Specifying Security Roles for Multi-Level Menus
Security roles can be list of comma separated role IDs or role names, depending on the type of security configured for the application. The application user must belong to one of the listed roles in order for the menu item to be displayed, and only roles applicable for the currently chosen role management type should be entered.
If security is not configured for the application or if a menu item should be displayed regardless of the security configuration, then the value of this attribute should be an empty string. The default value is the empty string.
If you are using Database security, the roles list is a list of role ID values, e.g.:
The role ID values are those found in the ‘Role ID’ field you designate in the Security Wizard. Do not enter role names; the role ID is different from the role name. You will need to query the Roles table in your database to ascertain the proper role ID values.
Active Directory group security
If you are using Active Directory security, the roles list is a list of role names also referred to as ‘Active Directory group names’, e.g.:
Microsoft Authorization Manager (AzMan) role management
If you are using AzMan security, the roles list is a list of role names.
Microsoft SharePoint Groups
When application is deployed to a Microsoft SharePoint server, security is NOT applied to multi-level menus.
Standard (built-in) security roles
Iron Speed Designer has several ‘standard’ built-in security roles which may be used to configure your application in addition to the more definitive roles defined in your database, in Active Directory groups or in Microsoft Authorization Manager (AzMan). These standard roles are:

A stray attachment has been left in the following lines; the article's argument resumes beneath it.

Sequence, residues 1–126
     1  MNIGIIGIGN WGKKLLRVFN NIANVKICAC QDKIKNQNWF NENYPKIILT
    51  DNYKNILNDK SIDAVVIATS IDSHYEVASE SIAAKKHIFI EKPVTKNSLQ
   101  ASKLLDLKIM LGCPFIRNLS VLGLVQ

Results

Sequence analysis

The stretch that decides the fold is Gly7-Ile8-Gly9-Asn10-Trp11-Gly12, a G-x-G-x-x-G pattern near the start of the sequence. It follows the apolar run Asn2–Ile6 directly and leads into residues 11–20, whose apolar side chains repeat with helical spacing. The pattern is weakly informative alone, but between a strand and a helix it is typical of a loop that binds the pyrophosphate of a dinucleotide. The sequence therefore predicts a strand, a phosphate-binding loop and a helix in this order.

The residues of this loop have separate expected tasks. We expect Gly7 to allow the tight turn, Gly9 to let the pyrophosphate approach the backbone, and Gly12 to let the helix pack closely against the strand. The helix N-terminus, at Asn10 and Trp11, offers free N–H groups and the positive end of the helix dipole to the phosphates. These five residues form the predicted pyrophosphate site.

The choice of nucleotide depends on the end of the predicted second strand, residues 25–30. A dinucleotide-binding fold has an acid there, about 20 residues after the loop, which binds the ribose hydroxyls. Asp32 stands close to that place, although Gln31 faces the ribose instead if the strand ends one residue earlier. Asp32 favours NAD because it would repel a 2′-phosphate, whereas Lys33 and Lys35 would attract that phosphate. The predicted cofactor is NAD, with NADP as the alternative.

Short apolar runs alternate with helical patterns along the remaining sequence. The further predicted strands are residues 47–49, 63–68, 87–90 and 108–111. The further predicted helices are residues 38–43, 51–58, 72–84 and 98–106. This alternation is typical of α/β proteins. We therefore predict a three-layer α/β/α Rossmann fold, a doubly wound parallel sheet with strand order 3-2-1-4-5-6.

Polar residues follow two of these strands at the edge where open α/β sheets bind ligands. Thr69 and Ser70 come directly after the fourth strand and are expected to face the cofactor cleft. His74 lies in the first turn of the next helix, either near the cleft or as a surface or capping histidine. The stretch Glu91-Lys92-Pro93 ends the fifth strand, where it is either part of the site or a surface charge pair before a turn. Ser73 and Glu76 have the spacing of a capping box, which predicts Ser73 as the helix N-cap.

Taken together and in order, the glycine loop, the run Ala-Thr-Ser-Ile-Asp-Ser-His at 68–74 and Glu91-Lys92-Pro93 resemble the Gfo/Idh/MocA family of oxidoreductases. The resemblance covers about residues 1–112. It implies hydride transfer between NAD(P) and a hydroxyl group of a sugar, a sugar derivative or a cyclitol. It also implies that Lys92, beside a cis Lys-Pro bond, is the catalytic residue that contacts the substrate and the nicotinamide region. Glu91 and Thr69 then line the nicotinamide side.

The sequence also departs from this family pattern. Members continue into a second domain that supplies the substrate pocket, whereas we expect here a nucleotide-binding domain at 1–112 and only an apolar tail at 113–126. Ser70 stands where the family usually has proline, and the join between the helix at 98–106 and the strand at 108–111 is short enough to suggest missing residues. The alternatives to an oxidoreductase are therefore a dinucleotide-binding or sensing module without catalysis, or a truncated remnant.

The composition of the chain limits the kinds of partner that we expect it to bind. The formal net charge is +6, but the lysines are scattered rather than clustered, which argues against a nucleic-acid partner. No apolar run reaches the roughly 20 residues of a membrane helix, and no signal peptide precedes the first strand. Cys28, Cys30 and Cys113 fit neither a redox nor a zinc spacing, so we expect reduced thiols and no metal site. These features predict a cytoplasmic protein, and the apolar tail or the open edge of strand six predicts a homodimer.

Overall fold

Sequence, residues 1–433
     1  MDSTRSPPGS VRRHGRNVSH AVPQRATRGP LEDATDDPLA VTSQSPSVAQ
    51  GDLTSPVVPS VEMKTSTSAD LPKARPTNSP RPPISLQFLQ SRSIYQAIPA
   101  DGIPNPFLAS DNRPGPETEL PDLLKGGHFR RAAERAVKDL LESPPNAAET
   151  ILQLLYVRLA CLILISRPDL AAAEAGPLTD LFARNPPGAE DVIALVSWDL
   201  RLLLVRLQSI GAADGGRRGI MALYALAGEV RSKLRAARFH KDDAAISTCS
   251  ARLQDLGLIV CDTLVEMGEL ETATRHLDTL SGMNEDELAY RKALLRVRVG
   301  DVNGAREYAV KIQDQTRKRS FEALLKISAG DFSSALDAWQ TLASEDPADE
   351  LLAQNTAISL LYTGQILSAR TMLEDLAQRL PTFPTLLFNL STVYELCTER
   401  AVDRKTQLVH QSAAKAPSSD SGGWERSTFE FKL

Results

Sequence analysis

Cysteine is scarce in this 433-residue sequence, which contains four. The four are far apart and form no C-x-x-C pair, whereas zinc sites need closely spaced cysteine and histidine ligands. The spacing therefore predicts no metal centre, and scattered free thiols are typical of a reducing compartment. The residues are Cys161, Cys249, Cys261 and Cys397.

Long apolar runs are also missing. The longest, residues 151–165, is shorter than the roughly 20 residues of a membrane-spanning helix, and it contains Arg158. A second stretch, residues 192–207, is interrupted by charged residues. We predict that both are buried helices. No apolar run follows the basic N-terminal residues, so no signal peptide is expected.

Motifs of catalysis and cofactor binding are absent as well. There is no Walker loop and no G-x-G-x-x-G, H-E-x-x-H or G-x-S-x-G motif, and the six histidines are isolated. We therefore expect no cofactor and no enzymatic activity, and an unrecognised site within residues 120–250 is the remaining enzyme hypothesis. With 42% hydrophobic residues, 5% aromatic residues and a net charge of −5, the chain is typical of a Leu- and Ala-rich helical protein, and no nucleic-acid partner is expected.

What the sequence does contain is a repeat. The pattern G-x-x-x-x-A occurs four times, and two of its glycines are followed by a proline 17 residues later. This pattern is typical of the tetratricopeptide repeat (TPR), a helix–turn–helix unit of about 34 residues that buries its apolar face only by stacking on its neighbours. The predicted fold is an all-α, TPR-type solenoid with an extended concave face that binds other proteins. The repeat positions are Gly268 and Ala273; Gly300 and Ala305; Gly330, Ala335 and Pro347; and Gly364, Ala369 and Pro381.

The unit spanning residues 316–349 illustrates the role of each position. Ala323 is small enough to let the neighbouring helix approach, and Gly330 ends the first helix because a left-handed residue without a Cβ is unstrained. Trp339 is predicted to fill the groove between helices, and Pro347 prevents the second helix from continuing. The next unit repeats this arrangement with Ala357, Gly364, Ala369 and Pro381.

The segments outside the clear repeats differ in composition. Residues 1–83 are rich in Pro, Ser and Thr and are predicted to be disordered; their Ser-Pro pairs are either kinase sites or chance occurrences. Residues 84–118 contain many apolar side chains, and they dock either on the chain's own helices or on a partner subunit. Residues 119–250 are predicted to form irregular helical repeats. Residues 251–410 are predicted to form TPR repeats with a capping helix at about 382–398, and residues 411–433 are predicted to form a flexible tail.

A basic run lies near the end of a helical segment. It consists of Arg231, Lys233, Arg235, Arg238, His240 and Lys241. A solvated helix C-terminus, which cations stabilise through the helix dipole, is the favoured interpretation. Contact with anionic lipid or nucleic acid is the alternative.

Everyone: There is no restriction for page access.
NOT_ANONYMOUS: Access is granted for signed in users only. This is also called ‘Sign-in’ access.
ANONYMOUS: Access is granted only to users who are not signed in. This also called ‘Not sign-in’ access.
NO_ACCESS: No access is granted to anyone, regardless of their sign-in status. This is also called ‘No one’ access.
When adding roles to a menu item in a sitemap file, spell them exactly as shown above, i.e. enter “NOT_ANONYMOUS” if you want this menu to be shown only for signed in users.
Standard roles are used in database security have one difference: when the ‘Everyone’ role is assigned to any page or control, nothing is actually added to the page or control. ‘Everyone’ is an empty role when using database security. However, in Active Directory security, setting the ‘Eveyone’ role adds a ‘<SelectedDomain>\Everyone’ role to the HTML web page or XML file because this role might be domain specific. Also, the ‘Everyone’ role might apply to all domains if ‘AnyDomain\Everyone’.
Another important aspect of standard roles is that you can add several standard roles at once, although this does not make sense in certain cases. If multiple standard roles are assigned, they apply in this order:
The ‘No one’ (NO_ACCESS) role is the highest priority. If this role is present in the roles list, no one will be allowed to see page or control regardless of other roles assigned.
‘Signed-in users’ (NOT_ANONYMOUS) and ‘Not signed-in users’ (ANONYMOUS) have the second highest priority. Including both these roles is effectively the same as including ‘Everyone’.
‘Everyone’ is the lowest priority role.
It is possible your Active Directory has a group or your AzMan policy store has a role with exactly the same spelling as one of standard roles. These roles are recognized as standard roles and treated according to the rules described above. To avoid this, you can add a new role or group with a unique spelling and copy all members of your ambiguous group or role to the new unique role. For example, if your Active Directory has a group named ‘Everyone’ containing members, you may create new Active Directory group named ‘ADEveryone’ and add all members of your ‘Everyone’ group.